As heavy rains, strong winds and otherwise nasty conditions blasted the Pacific Northwest, the Quinault River ran high and wild, shifting its banks as it always has. In previous years, the river shifted course 14 miles upriver, threatening to wash away the Enchanted Valley Chalet. In late 2015, the river shifted further downstream, wiping out a huge section of the only road leading to Graves Creek Campground. The Graves Creek Road in Olympic National Park is now closed to ALL vehicle traffic and only accessible to hikers on foot. Anyone heading to this area needs to be cautious while working their way around the washed out section of the road.
The Graves Creek Road is a six mile dirt road leading into one of the prettiest rainforests in the world. Home to elk, bear, amazing day and backcountry hiking and stunning riverside camping, the Graves Creek region of Olympic is a paradise for adventurers searching for a more rugged area. In 2015, Olympic visitation records reported nearly a quarter of a million “visits” to this rainforest wonderland. The washout does NOT impact those looking to drive the Quinault Loop, or visit the Lake Quinault Lodge and the 13+ miles of trails in Olympic National Forest. However, the washout could directly impact summer plans if the road is not able to be repaired quickly. The Graves Creek area is popular for backcountry campers who are hoping to experience the beauty of the Enchanted Valley, or even traverse across Olympic National Park to the Dosewallips.
Speaking on the phone with Barb Maynes, the Spokesperson for Olympic National Park, The Outdoor Society learned that the road is currently being analyzed and a full press release of what the park plans to do will be issued in the next few weeks. The plans are to repair the road, but the process could take a bit of time. The washout is not just limited to the location pictured. This entire stretch of road has numerous smaller washouts that could become larger if there is a strong spring melt. Even with the road able to be repaired, funding issues are currently plaguing the entire National Park Service, with Olympic National Park having a reported $133.2 million in delayed work so far. For now, the park is doing their best to come up with a timely solution, but patience is needed. of course, as soon as we hear anything, we will keep you updated on any information.
On February 13th, 2016, The Outdoor Society took an exploratory, Adventure Running trip up the Graves Creek Road and Pony Bridge in hopes to document and analyze the road with our own cameras and eyes. As we ran up the road from the closed gate, a steady rain started to fall. The rain, like the running pace we set, would not let up. As each foot pounded the now vacant road, we worked our way steadily upriver. Passing a herd of elk a few miles in, we continued to jog until we reached the washout area, about four miles up the road. As we reached the single cone marking the area, the smell of sulfur filled the air, something that shocked me. While not strong, I was able to smell sulfur a few feet on either side of the washout, with the larger smell coming from the deepest cut into the roadway.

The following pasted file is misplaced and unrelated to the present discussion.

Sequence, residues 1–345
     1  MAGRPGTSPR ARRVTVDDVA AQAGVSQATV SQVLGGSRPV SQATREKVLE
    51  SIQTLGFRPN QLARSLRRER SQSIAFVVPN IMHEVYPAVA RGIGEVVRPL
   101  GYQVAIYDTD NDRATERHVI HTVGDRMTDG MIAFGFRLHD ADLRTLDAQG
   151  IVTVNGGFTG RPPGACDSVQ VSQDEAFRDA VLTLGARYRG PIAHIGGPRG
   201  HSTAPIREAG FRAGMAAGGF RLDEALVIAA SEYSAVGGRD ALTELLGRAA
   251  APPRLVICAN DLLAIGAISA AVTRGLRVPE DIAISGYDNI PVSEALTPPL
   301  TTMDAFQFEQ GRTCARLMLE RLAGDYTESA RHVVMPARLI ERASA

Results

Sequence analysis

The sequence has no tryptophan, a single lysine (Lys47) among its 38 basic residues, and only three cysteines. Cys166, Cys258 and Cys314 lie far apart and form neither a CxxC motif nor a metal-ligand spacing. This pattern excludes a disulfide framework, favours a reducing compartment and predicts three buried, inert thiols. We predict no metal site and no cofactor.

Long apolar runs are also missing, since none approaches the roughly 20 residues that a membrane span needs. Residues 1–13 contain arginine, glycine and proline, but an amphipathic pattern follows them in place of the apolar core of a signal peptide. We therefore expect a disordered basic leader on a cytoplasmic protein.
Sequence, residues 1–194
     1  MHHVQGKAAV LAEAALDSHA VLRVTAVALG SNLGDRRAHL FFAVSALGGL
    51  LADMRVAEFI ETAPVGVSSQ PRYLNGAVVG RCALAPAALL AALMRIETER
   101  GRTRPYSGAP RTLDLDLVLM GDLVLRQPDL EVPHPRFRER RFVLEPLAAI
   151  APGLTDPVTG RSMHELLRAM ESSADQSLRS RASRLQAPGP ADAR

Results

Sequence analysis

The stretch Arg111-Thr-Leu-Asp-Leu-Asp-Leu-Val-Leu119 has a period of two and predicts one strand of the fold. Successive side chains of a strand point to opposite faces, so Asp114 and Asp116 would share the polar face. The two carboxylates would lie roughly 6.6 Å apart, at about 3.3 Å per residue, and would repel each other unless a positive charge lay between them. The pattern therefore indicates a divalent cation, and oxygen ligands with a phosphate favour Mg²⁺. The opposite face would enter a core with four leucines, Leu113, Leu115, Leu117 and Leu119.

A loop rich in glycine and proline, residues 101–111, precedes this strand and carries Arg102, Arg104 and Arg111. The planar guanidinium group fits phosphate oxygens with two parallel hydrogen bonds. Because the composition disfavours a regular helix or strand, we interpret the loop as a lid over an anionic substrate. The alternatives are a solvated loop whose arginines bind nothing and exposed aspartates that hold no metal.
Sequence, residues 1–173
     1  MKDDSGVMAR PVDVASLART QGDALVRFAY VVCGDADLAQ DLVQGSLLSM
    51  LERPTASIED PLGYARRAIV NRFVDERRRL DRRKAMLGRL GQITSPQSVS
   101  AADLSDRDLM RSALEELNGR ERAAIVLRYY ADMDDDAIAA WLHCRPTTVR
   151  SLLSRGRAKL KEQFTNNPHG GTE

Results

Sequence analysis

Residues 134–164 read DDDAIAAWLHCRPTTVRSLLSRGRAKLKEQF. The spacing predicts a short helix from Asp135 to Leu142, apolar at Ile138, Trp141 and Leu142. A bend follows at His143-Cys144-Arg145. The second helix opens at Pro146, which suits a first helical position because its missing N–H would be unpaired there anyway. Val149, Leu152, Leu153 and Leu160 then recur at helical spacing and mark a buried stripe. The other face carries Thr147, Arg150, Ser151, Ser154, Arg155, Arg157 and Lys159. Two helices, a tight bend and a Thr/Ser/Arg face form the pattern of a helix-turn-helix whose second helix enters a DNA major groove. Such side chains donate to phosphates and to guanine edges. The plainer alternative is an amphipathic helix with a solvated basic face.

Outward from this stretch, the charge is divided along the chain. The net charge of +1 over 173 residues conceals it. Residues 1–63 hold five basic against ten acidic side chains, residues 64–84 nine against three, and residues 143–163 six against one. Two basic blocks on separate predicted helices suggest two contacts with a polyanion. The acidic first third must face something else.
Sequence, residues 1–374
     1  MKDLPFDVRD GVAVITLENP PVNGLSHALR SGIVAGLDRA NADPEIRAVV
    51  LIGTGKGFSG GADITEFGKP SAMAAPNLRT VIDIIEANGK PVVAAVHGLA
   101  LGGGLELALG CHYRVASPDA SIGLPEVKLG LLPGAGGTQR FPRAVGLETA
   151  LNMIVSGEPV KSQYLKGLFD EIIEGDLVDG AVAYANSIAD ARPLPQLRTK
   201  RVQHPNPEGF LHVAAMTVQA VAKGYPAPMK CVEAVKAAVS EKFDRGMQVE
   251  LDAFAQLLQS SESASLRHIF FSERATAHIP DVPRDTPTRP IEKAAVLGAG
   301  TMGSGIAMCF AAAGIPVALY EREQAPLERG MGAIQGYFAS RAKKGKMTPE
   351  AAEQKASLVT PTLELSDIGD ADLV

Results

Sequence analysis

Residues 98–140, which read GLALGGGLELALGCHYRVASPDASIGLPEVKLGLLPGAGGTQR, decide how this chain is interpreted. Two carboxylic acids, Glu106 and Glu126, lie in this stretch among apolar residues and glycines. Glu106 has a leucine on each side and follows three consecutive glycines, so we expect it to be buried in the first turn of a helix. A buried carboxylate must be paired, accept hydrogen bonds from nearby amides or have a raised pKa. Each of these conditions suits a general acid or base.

We admired the washout for a bit, then continued running upriver to the Graves Creek Campground. From there, we climbed over some serious downfall to reach Pony Bridge, our destination for the day. The trail was tough, but mainly due to mud and water running down the path. The downfall was annoying, but took minimal effort to climb around/over/under to continue along the trail. We stayed at Pony Bridge for a few minutes, soaking in the sights and rain before heading back along the same route. Mathias will be writing this trip report and we will link it to the article once he is done. Until then, enjoy the pictures and continue reading the article after the images.
The Future of Graves Creek Road is Uncertain
The Graves Creek Road washout will take some work to fix, and while we hope it will be repaired soon, don’t be surprised if it takes longer than anyone would like. The washout, while frustrating to those who want easy access, is part of the wilderness of Olympic and the Pacific Northwest. It is wet and wild out here, and we need to try to enjoy the region as best we can before our favorite roads become closed or washed out. The National Park Service will do all they can to get this area back up and accessible, and we need to give them some time to get this done. I know, it can be frustrating, but you can still hike the road or find a new favorite place.
The region is still open to hikers and makes for a very fun trail to run or walk for those hoping to see the beauty of Quinault Rainforest. We will keep you updated as we know more, but for now, get outside, go hiking and enjoy the wild trails, roads and destinations of Olympic National Park.